July 17 2004
Market access for fruits sought in FTA with Japan
By MELODY M. AGUIBA
The Department of Agriculture (DA) will work for a better market for tropical vegetables in a proposed Philippines-Japan free trade agreement (FTA) as Japan is believed to be more inclined to favor tropical vegetables grown by small farmers over tropical fruits grown by multinational companies that already widely dominate its market.
Segfredo R. Serrano, DA assistant secretary for policy and planning, said that government is encouraging farmers’ cooperatives which grow tropical vegetables such as okra and talong (eggplant) to participate in the ongoing FTA consultations which is hoped to result in better market access for these products.
"We can expand markets for these tropical vegetables because there is political support for this that will benefit small farmers. We will be able to do offensive trade on tariff lines from Chapters 1 to 24 if you want those products tariffied down to zero ," he said.
Serrano said that if the Philippines will be able to ask for tariff reduction in Japan, then more investments from Japan may also be expected to flow in.
"If we succeed in lowering tariff to Japan, we’re creating a better environment for Japan to invest here," he said.
Government is also seeking for expanded markets for chicken and fisheries through Japan’s elimination of its tariff on these as the Philippines has already gained some level of competitiveness on these products.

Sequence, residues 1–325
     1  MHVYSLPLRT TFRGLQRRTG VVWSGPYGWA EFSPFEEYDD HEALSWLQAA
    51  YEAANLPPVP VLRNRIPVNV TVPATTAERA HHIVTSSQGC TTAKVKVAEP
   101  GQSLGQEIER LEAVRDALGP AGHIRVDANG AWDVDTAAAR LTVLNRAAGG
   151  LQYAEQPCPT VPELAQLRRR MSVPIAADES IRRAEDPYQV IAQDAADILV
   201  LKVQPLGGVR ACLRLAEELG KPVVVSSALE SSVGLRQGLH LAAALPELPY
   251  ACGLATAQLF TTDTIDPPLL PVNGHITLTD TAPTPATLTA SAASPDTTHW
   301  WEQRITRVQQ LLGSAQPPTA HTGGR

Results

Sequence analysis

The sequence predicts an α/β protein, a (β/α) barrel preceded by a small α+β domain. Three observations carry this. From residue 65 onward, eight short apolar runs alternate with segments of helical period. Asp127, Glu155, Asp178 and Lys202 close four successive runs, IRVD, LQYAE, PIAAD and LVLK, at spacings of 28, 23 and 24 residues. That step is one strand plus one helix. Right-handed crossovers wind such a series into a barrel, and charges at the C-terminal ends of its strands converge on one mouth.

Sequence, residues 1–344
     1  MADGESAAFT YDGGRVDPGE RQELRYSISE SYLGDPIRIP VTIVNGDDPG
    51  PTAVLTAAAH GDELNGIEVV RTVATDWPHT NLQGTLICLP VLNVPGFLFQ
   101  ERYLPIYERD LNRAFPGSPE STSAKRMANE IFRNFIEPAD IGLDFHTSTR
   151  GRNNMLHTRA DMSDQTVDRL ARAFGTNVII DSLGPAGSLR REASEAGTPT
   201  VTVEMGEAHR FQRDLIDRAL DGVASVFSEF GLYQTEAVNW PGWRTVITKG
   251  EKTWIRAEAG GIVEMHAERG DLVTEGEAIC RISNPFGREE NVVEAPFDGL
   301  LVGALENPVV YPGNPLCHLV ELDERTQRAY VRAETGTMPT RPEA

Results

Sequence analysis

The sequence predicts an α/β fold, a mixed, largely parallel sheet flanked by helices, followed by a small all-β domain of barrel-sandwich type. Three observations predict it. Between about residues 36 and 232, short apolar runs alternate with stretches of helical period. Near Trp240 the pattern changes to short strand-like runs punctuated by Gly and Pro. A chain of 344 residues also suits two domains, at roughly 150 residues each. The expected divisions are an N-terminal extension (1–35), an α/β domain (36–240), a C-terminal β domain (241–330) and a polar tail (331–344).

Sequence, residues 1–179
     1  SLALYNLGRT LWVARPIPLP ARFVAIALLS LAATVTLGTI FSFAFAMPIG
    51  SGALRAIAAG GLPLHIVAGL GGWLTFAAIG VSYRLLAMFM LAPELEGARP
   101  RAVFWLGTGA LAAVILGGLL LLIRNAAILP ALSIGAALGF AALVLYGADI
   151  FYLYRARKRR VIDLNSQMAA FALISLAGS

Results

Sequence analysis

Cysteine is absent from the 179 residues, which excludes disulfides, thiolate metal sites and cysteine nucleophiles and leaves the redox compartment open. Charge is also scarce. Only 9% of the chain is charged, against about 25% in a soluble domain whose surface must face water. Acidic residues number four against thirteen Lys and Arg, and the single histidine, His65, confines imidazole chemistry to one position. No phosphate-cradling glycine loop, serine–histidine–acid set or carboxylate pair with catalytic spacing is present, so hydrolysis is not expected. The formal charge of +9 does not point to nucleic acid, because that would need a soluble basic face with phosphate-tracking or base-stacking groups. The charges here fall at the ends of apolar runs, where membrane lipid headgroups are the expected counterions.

"We’re the only significant country in this side of Asia that has no avian flu. The Japanese said that the avian flu crisis will soon end. But we told them, "It appears to us it’s going to be a seasonal thing as you read in the papers new cases of avian flu infection in Vietnam and Thailand. And Indonesia it not going to be far behind," he said.
The country has just exported more than 50 metric tons (MT) of chicken to Japan through San Miguel Foods Inc. and Swift. Serrano said that the export to Japan has also been helping the Philippines to create newer markets as its ability to export to Japan proves its international competitiveness.
"If we can meet Japanese standards, we can meet standards anywhere," he said.
The proposed Philippines-Japan FTA eyes a length of 10 years as time limit for bringing down tariff of agreed products to zero.
While the Philippines also wants Japan to reduce tariffs on fishery products, government is worried that Japan has listed fishery as an excluded good under the FTA.
Instead of being called an FTA, Japan and the Philippines have agreed to call the trade talks an economic cooperation agreement (EPA) as Japan has refused to open up its agricultural market but wanted the Philippines to open up its industrial markets.